As Vox’s Julia Belluz notes, about 2 percent of all US births involve some kind of assisted reproductive technology, while miscarriages are the most common complication in pregnancy:
Trump is not a major focus of the memoir, but Obama makes every word on him count
Obama writes that she’ll “never forgive” Trump for putting her family at risk. And she doesn’t mince words when talking about the current president:
Obama on Trump’s efforts trying to doubt the president is a US citizen:
Finally, on the Trump administration’s impact:
Obama was accused of “talking white” when she was younger, and that prepared her for the challenges that came with Barack’s presidential run
Early in the book, Michelle Obama is not afraid to highlight how she was questioned about her identity as a child, navigating multilayered expectations about gender and race.
One moment came during her childhood in Chicago, when she was sitting with other young girls. “At one point one of the girls, a second, third, or fourth cousin of mine, gave me a sideways look and said, just a touch hotly, ‘How come you talk like a white girl?’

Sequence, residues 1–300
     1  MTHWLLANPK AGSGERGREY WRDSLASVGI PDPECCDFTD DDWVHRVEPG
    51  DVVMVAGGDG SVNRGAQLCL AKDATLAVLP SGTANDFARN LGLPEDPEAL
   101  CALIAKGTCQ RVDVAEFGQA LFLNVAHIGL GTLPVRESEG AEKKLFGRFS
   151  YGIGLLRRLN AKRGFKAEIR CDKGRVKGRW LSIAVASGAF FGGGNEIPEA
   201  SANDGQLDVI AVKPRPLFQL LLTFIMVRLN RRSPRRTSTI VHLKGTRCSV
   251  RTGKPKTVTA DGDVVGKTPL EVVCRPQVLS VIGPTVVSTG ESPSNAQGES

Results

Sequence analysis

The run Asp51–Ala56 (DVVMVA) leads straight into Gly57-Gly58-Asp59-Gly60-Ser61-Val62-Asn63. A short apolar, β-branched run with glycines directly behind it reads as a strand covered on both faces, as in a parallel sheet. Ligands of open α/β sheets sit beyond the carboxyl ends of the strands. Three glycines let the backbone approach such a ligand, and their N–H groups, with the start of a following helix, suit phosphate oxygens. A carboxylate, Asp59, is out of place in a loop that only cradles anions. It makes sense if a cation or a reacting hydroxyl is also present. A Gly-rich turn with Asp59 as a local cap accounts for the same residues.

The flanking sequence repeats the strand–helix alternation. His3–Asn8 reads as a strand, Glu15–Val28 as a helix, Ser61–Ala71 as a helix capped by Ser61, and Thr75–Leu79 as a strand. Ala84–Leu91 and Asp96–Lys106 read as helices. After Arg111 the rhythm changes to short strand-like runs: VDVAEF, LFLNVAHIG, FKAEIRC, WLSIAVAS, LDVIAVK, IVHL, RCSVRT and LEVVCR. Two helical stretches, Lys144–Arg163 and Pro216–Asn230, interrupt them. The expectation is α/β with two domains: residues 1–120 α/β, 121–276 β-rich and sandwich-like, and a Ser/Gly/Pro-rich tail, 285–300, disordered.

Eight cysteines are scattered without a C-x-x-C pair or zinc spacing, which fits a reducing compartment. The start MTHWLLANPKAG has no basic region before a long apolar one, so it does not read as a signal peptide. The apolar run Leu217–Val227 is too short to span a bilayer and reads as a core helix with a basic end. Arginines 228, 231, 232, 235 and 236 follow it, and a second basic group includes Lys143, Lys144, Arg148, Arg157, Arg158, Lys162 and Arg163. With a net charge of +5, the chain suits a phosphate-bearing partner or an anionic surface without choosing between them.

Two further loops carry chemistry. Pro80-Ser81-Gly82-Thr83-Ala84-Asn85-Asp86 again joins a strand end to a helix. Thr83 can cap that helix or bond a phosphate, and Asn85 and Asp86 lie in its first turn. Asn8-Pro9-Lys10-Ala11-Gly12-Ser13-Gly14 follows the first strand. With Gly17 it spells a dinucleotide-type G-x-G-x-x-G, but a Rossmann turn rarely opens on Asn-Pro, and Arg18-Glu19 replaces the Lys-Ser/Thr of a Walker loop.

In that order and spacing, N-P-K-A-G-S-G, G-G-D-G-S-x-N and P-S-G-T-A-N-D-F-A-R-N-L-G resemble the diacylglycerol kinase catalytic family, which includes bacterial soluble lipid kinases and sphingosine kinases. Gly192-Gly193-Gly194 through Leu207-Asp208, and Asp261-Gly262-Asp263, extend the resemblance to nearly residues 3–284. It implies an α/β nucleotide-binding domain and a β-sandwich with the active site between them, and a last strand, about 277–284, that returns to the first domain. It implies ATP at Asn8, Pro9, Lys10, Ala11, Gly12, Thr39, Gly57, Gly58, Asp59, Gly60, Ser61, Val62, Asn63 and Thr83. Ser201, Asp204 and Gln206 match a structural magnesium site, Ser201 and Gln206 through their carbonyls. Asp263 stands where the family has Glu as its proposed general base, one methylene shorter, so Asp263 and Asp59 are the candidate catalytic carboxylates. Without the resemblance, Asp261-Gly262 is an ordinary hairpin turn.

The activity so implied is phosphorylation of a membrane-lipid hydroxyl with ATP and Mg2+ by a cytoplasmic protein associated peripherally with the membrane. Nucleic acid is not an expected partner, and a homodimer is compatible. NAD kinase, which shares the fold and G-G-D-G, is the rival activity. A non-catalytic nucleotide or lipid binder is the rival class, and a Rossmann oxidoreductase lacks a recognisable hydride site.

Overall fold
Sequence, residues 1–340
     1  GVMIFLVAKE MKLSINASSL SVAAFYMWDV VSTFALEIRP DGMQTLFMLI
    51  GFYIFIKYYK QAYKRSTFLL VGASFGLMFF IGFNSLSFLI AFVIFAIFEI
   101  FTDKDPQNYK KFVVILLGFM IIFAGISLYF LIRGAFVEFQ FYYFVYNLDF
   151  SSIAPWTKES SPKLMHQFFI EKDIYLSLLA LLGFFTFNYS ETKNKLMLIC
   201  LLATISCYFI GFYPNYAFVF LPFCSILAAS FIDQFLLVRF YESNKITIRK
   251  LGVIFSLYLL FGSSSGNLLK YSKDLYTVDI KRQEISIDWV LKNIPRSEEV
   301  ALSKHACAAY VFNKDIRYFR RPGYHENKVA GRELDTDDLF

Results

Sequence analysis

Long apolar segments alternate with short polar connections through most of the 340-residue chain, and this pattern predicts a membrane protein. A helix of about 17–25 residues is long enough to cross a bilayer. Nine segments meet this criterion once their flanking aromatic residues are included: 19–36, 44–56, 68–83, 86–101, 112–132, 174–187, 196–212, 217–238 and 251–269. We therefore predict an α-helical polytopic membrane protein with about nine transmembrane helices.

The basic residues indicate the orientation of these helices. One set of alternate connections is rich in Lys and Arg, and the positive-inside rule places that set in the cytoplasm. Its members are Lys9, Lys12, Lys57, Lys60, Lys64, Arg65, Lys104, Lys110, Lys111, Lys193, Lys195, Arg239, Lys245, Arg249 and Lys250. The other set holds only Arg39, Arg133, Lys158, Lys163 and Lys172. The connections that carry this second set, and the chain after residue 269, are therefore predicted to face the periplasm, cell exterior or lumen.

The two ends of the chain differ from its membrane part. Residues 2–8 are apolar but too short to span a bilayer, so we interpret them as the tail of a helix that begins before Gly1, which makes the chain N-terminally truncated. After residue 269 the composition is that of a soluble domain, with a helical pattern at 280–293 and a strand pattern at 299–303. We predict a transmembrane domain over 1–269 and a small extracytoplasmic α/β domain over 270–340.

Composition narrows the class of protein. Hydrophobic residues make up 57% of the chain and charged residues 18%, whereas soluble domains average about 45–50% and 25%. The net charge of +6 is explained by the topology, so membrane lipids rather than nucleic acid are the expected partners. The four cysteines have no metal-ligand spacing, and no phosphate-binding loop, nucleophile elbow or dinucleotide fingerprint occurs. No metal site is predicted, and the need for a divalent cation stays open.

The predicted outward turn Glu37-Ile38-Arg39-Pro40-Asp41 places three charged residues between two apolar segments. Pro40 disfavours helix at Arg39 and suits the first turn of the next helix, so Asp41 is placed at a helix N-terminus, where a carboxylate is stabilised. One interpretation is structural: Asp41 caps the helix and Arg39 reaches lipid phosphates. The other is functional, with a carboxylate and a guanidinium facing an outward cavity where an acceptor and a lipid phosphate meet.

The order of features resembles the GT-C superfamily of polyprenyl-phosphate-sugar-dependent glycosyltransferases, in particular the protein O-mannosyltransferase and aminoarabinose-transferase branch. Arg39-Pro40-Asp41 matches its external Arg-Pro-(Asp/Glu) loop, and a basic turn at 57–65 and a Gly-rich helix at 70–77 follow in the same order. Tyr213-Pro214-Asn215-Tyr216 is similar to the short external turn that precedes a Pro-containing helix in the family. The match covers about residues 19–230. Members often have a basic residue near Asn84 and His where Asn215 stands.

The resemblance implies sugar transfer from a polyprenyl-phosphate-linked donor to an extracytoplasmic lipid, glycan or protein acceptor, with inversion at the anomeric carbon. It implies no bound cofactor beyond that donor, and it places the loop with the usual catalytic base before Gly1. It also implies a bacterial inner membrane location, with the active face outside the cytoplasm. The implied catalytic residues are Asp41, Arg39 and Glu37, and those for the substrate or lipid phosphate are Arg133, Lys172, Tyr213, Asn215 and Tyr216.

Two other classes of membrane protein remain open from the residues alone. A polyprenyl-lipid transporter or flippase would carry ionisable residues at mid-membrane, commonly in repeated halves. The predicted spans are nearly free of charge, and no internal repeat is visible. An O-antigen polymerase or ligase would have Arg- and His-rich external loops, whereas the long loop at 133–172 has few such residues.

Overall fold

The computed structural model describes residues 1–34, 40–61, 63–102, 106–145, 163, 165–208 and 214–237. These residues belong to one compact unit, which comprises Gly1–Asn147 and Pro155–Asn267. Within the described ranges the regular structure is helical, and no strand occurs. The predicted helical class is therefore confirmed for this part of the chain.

“The question was pointed, meant as an insult or challenge, but it also came from an earnest place. It held a kernel that was confusing for both of us. We seemed to be related but of two different worlds.”
Though Obama never explicitly mentions this in the memoir, she discusses the complexities of code-switching: a term used to describe the ways people of color and those from other marginalized groups often adjust their language, behavior, and even appearance to navigate certain social situations or audiences, as Vox’s P.R. Lockhart writes.